June 21, 2013
By Charles Goldberg
AUBURN — Tim Horton's recruiting compass is pointing east and west. North and south, too. Everywhere Auburn's new running back coach looks he says he sees talent.
"Because of our location," Horton says, "you can see kids almost on a daily basis."
But there's competition for that talent, too.
"To the north you have Alabama, to the east you have Georgia and Clemson, to the south you have Florida State and Florida, to the west you have the Mississippi schools," Horton says.
What is Auburn to do to counter the competition after a difficult season and now with a new coaching staff? Work harder at recruiting, says recruiting coordinator Rodney Garner.
"I always tell people, whenever people think that we're down, we always find our way to come together and do our best. I’m encouraged," Garner said. "We've got our work cut out for us, but if you're a competitor, that's what you want. We're going to compete. We're going to work. We're not going to be intimidated, I can tell you that. That's not happening."
Garner, a former Auburn player and then a coach and recruiting coordinator in the 1990s, knows where the Tigers need to recruit. It's a lot of the same area he worked as Georgia's recruiting coordinator most of the last 15 years. The recruiting focus will be Alabama, Georgia and Florida. But Auburn's recruiting strategy has also a little different take.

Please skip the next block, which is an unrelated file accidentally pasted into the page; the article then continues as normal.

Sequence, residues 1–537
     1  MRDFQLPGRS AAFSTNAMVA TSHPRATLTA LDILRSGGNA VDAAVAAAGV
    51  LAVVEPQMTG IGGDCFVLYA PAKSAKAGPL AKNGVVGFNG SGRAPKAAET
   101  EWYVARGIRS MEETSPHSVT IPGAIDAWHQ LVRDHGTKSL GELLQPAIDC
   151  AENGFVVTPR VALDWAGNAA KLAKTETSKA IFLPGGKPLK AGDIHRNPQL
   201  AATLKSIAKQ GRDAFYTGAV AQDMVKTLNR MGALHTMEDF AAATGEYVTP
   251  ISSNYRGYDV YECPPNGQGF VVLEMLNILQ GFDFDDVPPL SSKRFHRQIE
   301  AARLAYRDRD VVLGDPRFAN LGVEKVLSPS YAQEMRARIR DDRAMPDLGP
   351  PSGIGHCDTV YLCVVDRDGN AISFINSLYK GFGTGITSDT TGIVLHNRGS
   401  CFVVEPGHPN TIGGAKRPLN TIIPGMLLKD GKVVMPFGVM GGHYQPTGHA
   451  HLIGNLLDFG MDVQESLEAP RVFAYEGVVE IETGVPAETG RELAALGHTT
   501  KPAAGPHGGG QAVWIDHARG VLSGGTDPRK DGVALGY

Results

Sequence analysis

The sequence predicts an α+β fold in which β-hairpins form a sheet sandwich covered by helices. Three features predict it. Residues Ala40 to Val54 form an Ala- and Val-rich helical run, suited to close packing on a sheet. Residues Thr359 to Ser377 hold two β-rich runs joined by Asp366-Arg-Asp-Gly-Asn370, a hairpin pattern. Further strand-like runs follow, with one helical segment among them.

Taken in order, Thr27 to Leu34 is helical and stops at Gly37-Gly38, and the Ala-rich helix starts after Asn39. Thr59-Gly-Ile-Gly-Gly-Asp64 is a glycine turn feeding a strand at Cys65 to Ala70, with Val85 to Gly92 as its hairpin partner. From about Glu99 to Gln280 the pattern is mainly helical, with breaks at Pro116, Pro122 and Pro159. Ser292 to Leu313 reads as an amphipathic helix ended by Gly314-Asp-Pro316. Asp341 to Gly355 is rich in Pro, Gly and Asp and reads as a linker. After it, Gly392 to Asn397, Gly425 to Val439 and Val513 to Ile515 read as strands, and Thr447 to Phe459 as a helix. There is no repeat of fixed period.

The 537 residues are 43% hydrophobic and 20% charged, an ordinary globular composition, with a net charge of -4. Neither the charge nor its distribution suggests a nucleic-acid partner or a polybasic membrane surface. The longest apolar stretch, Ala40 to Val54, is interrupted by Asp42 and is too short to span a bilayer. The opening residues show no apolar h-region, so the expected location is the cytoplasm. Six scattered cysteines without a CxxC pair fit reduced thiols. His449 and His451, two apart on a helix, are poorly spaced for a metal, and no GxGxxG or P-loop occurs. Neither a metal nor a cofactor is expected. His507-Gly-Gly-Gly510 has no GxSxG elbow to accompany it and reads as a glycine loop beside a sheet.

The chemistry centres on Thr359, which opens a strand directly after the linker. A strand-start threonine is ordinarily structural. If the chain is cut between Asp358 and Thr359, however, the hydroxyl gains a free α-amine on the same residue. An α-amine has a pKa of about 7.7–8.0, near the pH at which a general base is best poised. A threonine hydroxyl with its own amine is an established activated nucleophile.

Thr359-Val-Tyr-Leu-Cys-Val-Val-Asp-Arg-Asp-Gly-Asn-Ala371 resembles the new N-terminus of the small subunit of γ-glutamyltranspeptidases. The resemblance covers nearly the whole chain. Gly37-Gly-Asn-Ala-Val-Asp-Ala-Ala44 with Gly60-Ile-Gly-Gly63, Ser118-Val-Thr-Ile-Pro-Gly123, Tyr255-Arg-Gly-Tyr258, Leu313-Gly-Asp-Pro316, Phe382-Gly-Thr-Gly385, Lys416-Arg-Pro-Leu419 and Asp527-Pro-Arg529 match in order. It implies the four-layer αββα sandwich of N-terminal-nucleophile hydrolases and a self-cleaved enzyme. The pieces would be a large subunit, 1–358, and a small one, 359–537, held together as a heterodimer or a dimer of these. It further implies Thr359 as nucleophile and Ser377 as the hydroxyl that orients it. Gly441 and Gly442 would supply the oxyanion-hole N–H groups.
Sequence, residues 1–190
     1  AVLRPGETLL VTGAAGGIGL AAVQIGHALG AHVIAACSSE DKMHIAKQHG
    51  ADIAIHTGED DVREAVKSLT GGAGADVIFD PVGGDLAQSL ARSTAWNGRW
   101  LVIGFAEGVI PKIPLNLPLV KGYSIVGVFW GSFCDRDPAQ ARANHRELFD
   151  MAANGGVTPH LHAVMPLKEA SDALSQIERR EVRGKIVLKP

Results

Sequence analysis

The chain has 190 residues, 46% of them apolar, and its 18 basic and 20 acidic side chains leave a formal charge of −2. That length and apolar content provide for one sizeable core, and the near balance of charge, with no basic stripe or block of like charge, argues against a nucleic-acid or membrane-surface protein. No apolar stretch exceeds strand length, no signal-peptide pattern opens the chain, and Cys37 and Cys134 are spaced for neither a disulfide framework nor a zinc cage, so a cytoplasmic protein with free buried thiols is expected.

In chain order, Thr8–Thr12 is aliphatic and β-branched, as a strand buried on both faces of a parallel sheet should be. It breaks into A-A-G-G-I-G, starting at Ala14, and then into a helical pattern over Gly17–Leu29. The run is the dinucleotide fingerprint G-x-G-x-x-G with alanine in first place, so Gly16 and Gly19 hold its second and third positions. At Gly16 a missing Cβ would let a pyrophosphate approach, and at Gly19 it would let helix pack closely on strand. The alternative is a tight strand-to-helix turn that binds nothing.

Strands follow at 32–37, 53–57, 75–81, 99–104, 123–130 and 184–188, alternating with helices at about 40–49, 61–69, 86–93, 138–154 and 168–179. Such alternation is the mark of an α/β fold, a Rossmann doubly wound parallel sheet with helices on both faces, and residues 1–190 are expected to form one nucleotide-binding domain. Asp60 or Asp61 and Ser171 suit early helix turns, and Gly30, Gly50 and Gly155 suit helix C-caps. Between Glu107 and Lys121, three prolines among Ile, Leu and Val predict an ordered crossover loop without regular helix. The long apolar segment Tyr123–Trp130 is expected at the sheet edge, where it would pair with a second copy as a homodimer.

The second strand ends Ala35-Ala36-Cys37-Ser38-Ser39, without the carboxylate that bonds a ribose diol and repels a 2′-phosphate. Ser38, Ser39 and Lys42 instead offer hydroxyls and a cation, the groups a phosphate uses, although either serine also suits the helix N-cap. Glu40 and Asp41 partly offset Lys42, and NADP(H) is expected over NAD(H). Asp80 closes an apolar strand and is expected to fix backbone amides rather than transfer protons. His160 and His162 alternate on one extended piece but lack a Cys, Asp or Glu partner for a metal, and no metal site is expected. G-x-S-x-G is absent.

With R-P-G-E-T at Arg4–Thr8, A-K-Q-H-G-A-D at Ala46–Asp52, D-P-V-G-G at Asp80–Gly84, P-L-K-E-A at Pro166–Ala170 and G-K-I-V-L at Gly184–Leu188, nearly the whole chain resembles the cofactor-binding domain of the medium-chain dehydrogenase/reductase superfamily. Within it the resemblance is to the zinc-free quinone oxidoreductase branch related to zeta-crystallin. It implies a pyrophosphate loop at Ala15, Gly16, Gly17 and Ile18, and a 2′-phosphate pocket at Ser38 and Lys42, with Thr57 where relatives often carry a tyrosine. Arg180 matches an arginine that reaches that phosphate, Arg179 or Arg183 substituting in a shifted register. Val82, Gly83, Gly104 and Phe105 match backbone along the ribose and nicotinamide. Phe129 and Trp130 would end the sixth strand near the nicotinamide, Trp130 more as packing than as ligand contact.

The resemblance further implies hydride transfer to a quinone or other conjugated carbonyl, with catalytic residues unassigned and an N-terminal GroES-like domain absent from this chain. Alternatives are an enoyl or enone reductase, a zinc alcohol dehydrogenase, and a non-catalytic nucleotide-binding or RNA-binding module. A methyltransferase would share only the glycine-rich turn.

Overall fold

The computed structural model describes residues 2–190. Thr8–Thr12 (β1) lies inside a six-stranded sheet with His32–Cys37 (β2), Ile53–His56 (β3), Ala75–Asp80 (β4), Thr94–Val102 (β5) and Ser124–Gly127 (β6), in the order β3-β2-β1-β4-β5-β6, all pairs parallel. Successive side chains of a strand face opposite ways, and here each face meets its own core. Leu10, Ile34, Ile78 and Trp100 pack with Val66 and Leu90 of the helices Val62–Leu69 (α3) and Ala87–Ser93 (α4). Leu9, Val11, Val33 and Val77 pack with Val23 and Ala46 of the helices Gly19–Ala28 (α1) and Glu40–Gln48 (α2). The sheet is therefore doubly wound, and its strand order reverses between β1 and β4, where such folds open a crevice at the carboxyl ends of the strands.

"We team recruit a whole lot more than I'm used to, but I like that," Horton said. "You get into your position recruiting a little sooner, and we've really done a good job of 'all of us will recruit this guy.' Very rarely will one person recruit a guy. I've enjoyed it."
Garner was looking for a recruiting edge in the spring. Auburn fans delivered it when 83,000 of them showed up for the A-Day Game.
"Wow. That speaks volumes to me, and I think it speaks volumes to the kids," Garner said.
Auburn staged its Big Cat recruiting weekend last month. It's was a time for fun, not the hard sell. Garner said he was OK with that, and not just because his daughters were the water balloon champions.
"I think it was really positive. I thought it was a really neat concept. I felt like the young men enjoyed it and I think their parents enjoyed it," he said.
All the while, about 1,700 players have attended Auburn's summer camps. Auburn will top 2,000 players when the last camp is over in July.
That's a lot to think about, but Garner says he he's looking for "certain guys."
"We have to find the ones who fit."
Garner's "certain guys" are who he perceives as "Auburn guys."
"Auburn is different. You can't really describe it. It's special. There's a lot of tradition and a lot of history," Garner said.
Charles Goldberg writes for AuburnTigers.com. Follow Goldberg on Twitter at